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Q&A Special: Gabriel Scally - NHS whistle-blower

Dr Gabriel Scally, 58, is the former Regional Director of Public Health for the South-West of England. In March 2012 he left the Department of Health after becoming disillusioned with planned changes to the NHS. He is now Professor of Public Health and Planning at the University of the West of England and an associate fellow at the Institute for Public Policy Research thinktank. He lives in Bristol with his family.

What exactly is happening to our NHS?

The first thing to say is that there is no way to make this simple, but I will try! The recent Bill that set out all the changes in the NHS is around four times the size of the one that originally set up the National Health Service in the first place, back in1948. It’s unbelievably complex, which is part of the problem. The golden rule in trying to understand all this is ‘follow the gold’ and look to see who benefits.

 

Which bill are you referring to?

The Health and Social Care Bill 2010-12, which was passed (after much controversy and debate) and is now an Act of Parliament which will be implemented on April 1st this year.

What is the overall purpose of the Act?

Well, that’s a matter of political opinion. The Coalition would say it is designed to promote patient choice and reduce NHS administration costs.I see it as an attempt to fragment and ultimately demolish the NHS and I think the current climate of financial austerity is being used to pursue a longer-term agenda aimed at dismantling the state. The private sector is taking over provision of NHS services and there’s a steady rolling out of a programme of active privatisation across the country.


Why did you resign from the Department of Health?

I couldn’t ethically continue to work as a senior civil servant in the DH and be paid to take part in the demolition of the NHS and the public health system. Remember, this government coalition came into power on the back of a promise of ‘no-more top-down reorganisations’, which pleased me because I had been reorganised seven times already. But not only did this turn out to be false, but also this latest restructuring was unlike any of the previous ones because very few, if any, people could explain to you coherently how the system would work. In the past we could always believe that what we were doing was going to deliver a better NHS and better health for the population. On this occasion it’s not possible for anyone to believe that can be true. I just can’t see how the NHS is going to work – and what’s worrying is perhaps that’s the point, it’s not meant to work.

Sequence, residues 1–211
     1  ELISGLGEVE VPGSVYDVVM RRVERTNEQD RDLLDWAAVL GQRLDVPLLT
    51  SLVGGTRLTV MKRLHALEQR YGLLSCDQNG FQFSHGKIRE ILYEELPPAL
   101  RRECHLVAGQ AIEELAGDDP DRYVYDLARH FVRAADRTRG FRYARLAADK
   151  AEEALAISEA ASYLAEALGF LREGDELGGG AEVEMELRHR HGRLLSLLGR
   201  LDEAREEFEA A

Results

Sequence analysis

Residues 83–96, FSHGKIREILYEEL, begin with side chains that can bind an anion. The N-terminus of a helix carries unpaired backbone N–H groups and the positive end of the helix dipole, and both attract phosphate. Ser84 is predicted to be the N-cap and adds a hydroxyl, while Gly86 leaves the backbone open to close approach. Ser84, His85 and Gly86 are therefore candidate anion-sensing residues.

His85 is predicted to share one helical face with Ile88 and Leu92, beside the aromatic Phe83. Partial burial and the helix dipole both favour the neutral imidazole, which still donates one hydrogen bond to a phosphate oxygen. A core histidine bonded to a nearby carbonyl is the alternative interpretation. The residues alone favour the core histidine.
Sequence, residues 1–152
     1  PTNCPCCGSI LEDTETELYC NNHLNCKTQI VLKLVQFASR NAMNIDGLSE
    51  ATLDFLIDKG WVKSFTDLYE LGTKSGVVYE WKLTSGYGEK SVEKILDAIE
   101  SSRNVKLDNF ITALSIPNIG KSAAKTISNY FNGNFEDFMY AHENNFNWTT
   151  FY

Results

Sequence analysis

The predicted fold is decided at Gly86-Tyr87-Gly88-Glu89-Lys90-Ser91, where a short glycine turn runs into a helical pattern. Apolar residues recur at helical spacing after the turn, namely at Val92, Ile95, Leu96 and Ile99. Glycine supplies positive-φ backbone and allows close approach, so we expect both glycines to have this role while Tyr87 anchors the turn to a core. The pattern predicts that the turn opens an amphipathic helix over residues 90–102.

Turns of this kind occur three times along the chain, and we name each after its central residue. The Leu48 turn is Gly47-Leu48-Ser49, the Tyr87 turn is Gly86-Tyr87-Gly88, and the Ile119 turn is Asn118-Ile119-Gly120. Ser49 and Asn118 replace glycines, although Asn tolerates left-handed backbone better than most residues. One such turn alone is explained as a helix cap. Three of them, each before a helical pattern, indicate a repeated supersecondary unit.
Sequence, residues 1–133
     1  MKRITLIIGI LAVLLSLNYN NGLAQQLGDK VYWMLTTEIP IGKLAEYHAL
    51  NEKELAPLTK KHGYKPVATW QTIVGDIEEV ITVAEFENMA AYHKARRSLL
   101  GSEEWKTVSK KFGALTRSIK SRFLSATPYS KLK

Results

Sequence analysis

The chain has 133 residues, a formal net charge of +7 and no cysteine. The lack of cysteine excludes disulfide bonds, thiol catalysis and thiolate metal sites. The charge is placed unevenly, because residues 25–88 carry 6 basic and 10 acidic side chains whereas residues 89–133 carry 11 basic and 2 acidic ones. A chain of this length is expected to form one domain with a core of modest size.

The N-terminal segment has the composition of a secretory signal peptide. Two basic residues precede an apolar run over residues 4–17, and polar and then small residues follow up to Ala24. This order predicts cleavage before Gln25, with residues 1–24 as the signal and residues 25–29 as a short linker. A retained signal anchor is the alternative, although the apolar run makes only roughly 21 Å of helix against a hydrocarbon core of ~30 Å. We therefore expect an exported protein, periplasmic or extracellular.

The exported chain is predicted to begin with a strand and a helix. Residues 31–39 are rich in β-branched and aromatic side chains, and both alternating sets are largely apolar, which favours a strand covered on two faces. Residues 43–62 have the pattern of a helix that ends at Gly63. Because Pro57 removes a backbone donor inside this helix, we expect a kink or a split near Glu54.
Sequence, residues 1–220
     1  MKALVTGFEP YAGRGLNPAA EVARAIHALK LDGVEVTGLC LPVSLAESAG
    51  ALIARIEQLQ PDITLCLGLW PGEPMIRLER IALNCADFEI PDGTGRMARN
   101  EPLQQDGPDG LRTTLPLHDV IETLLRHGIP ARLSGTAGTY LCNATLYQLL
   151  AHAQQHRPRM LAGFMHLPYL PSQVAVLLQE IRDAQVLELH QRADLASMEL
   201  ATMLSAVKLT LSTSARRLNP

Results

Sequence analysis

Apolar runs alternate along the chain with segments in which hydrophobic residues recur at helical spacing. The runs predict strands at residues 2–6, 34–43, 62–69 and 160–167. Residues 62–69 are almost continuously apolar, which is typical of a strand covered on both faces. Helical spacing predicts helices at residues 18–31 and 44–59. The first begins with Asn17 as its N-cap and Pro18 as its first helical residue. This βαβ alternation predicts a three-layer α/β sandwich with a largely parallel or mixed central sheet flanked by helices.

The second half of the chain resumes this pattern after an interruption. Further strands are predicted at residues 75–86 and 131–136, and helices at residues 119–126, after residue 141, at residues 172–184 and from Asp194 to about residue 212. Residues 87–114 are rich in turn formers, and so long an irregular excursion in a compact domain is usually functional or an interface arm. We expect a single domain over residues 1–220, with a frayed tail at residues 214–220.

I resigned because I am very alarmed about what’s going on and I wanted the freedom to oppose it (DH contracts mean that whilst working for the department, employees are forbidden from discussing the proposed changes).

 

So what is the first change we need to know about?

At the moment the NHS is organized into Primary Care Trusts and Strategic Health Authorities. Both of these have been abolished and will disappear at the end of March. From then on there will be one national body – the NHS Commissioning Board. Under that, the NHS will effectively be split into and run by two bodies; Clinical Commissioning Groups and local offices of the Commissioning Board.

What we will also see is the Secretary of State for Health saying that he is not responsible for anything that goes wrong and that it is the responsibility of the NHS Commissioning Board to sort out problems. This in effect means that the NHS is under the control of an unelected, undemocratic body and that there is no effective control through Parliament.

 

Isn’t getting rid of NHS bureaucracy a good thing?

There’s a lot going on here. On the one hand you have a huge amount of responsibility being handed to the local level, at the same time as their budgets are being cut in real terms. You can’t run the NHS with a smaller civil service in London and a huge number of local authorities all pulling in different directions. Once Clinical Commissioning Groups assume control in April, there will inevitably be issues of so-called postcode lotteries. It’s a recipe for disaster. When there were local Health Authorities and, later, Primary Care Trusts, they met in public, consisted of local people and the public knew that they were concentrating on healthcare for the local population.

 

What is a Clinical Commissioning Group?

A CCG is a group of GPs who will be responsible for commissioning nearly all the services that you need in the NHS. Most of the money - around four out of every five pounds spent on the NHS - will now go to GPs to commission services, i.e. all the sorts of things GPs would refer you to, whether gynaecology, cancer, paediatrics or whatever, plus community services too, like physiotherapy and district nursing etc.

 

What’s the thinking behind this switch to GP-led commissioning?

The idea is that GPs are very well placed, as front line doctors, to know exactly what it is that patients want, and they’ll now be in charge of the spending of resources and thereby able to give patients in their area what they need.